It took much more than a simple audition to nab the lead role in Alastair Newton Brown’s Here Be Dragons.
Well, that was a quick reign for Napoleon, with the Hunger Games prequel jumping back to the top spot in Week 3 of release. Props to Warner Bros for backing Bottoms, an original story with nary a name cast, made by an exciting new female voice, but the box office says otherwise. Same goes for Uproar, a beautifully made crowdpleaser from the other side of the ditch, which struggled despite its success on home turf. But the big story for the third week in a row is the staying power of promising young woman Emerald Fennell’s Saltburn, which continues to increase its box office haul every respective weekend.
The Kiwi-born, Australia-based filmmaker went back to his roots for his most successful film yet, Uproar.
Fascinating to see 2 Apple TV+ funded feature films – Napoleon and Killers of the Flower Moon – that have been given a proper release window before hitting streaming, doing so well at the box office. They’ll hardly recoup the cost of making and releasing, but as profile raisers, this must offer an alternative model to other streamers for a cinematic release. Speaking of ‘Insert Name’ Originals, Australia’s own The Royal Hotel is touted as a Binge Original – not originally, after production, but still… which hasn’t done so well on opening weekend, pipped at the post by 1-off screenings of a Carl Barron special. Saltburn, though, continues to attract audiences into week 2, with the weekend’s smallest drop off, proving that audiences love/hate our Anglo cousins, especially the posh ones.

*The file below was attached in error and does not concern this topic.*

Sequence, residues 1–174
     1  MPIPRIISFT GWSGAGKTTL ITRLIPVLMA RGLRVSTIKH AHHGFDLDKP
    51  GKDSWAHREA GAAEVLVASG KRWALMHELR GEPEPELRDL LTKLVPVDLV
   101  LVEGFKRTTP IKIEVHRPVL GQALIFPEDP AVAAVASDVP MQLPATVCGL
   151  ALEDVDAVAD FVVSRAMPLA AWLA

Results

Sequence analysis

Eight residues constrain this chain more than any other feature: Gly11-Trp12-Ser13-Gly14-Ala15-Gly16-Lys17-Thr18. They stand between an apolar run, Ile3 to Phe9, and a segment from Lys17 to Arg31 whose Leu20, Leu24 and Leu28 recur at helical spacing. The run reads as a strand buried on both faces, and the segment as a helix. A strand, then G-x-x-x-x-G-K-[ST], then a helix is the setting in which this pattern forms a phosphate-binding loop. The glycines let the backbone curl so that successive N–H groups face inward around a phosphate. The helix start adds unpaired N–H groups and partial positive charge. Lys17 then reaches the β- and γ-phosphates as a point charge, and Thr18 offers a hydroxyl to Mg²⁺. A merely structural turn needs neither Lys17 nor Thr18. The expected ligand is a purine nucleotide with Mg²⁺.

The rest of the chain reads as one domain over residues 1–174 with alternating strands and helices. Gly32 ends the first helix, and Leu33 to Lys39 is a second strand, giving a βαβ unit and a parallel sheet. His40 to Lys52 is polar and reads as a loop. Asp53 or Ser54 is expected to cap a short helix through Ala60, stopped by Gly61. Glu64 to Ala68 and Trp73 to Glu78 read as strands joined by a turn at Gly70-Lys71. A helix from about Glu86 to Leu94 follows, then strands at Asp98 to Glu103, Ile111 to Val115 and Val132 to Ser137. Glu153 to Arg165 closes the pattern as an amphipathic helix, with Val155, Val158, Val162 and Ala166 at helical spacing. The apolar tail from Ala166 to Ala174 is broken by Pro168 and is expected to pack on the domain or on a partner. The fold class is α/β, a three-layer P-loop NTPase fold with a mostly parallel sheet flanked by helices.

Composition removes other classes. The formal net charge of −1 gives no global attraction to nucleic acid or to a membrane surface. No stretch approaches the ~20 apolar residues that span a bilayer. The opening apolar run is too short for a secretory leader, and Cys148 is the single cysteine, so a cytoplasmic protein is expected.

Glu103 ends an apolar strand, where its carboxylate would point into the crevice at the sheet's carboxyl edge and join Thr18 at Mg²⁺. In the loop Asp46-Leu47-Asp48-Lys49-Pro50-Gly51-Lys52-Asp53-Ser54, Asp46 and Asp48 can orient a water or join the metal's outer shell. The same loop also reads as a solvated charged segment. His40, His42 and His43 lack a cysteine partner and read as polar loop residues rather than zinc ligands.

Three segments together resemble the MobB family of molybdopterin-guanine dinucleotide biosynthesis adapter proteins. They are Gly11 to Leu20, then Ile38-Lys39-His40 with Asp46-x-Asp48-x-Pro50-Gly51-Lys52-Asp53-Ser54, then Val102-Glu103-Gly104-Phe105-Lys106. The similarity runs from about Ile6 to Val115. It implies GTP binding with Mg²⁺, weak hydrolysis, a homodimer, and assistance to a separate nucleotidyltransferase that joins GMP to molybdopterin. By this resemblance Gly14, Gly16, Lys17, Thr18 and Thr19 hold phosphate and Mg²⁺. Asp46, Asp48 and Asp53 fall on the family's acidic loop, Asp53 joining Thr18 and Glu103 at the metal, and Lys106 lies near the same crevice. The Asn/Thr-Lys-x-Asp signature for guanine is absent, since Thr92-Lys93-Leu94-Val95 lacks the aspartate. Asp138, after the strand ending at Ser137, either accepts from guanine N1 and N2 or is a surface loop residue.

It was joy, not a mess, when we visited the set of the latest film by Heath Davis (Book Week, Broke).
Despite the online doomsayers, Hunger Games prequel, The Hunger Games: The Ballad of Songbirds and Snakes opened strongly, which will unfortunately mean more prequels. Apart from that, the surprisingly wide release of Saltburn saw some sites doing boffo business, whilst too many were DOA – should be interesting to see the screen spread for that one in Week 2. Speaking of DOA, it doesn’t look like Thanksgiving means much to Australian audiences, understandably.
One of the founders of recently launched artist studio Junior Major, used a forward-thinking course, Master of Arts Screen: Business (MASB) at the Australian Film Television and Radio School [AFTRS] to road test her intuition that the business had legs.
Within a couple of years of arriving in Australia from Malaysia, Indrani Kopal, a teacher and filmmaker is excited about the opportunities ahead of her after commencing Master of Arts Screen: Business at AFTRS.
The Melbourne native returns for the premiere of her first feature film as writer, producer and star, Healed.
Writer/Director Andrew Walsh and producer Dia Taylor fill us in on their improvised, self-financed, deeply personal feature.